After reading about Josh Marshall’s journey into the Truther’s Jungle, I don’t think it’s overly optimistic to see ObamaCare as analagous to “skewed” polls and the collective right as analogous to Karl Rove on Election Night in November 2012. What seems to be going on is something more than just epistemic closure. An entire political party (excepting their few actual health care experts) is convinced that they’re winning a political argument based on facts that are completely absent.
Perhaps they can still point to polls that say that the law is unpopular, and they have some talking points about the bungled roll-out and canceled plans that people were promised they could keep. But, other than that thin gruel, the totality of everything else they think about the Affordable Care Act is just as delusional as Dick Morris’s polling analysis.
What’s interesting is that the Republicans’ are so dependent on ObamaCare being unpopular that they have to try to convince people it is failing even though it certainly is not. It’s not enough to point at polls about the law because those polls will change over time. They have to try to keep the polls low any way they can. One way to do that is to keep the myth alive among their base. Another way is to misinform as many people outside their circle as possible. Finally, they can work the refs in the media to the best of their ability, but that isn’t going to work anymore for media that aren’t formally or informally working for the Republican Party.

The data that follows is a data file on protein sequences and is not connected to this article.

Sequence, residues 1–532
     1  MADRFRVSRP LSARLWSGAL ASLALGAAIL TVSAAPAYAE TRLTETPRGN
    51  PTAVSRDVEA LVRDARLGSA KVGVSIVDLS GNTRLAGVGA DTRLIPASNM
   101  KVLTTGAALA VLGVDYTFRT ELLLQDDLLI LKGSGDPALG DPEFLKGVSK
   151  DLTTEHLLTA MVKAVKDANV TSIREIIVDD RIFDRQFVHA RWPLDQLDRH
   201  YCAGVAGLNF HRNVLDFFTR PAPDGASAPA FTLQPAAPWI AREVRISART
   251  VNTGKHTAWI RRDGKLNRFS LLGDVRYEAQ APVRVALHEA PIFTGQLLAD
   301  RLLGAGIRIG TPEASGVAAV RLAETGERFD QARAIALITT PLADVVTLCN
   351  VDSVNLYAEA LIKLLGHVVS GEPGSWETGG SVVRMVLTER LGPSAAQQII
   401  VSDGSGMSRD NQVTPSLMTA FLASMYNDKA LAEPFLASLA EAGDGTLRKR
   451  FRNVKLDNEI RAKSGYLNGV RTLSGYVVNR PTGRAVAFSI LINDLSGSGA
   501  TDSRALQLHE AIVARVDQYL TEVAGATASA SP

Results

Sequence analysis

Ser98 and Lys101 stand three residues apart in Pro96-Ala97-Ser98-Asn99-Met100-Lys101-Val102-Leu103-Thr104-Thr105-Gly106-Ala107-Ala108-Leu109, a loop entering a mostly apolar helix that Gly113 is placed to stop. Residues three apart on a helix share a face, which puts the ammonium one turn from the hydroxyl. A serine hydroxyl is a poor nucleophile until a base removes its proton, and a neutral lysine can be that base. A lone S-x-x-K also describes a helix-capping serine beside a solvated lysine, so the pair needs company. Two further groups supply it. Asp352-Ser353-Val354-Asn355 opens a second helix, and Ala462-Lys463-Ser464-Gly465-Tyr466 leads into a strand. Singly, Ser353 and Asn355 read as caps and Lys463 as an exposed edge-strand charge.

Meanwhile, Senator Mark Begich of Alaska is leading the way, showing how red state Democrats can play offense on ObamaCare:
With Medicaid sign-ups continuing through to Election Day, I am excited to go to war with the GOP over health care. Every day that goes by, more people are covered and we gain a bigger advantage.
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